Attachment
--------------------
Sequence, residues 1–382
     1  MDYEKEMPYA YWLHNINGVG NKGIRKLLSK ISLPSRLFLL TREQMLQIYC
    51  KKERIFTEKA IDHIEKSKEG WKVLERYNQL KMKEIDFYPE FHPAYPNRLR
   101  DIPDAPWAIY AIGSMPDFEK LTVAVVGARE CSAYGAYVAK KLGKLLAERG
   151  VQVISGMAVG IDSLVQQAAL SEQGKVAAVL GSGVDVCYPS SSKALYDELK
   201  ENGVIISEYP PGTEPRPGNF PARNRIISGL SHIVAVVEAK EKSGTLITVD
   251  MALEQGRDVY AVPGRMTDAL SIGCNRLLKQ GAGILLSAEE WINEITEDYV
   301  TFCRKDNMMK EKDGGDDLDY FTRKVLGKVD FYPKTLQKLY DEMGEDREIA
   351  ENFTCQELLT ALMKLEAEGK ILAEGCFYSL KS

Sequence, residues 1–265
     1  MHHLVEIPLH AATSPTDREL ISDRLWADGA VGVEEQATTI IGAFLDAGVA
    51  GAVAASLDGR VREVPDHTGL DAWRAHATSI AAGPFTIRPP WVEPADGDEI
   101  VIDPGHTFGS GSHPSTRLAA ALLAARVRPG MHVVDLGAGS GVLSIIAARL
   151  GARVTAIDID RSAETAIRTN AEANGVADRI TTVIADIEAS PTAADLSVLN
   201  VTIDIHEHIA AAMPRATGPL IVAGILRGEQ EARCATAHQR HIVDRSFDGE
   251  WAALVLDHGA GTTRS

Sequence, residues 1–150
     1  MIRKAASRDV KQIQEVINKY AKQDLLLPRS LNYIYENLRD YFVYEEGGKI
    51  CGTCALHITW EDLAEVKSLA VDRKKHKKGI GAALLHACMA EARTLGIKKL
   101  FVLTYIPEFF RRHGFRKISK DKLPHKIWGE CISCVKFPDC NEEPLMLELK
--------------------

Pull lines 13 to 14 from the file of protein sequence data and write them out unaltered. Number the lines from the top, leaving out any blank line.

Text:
   101  VIDPGHTFGS GSHPSTRLAA ALLAARVRPG MHVVDLGAGS GVLSIIAARL
   151  GARVTAIDID RSAETAIRTN AEANGVADRI TTVIADIEAS PTAADLSVLN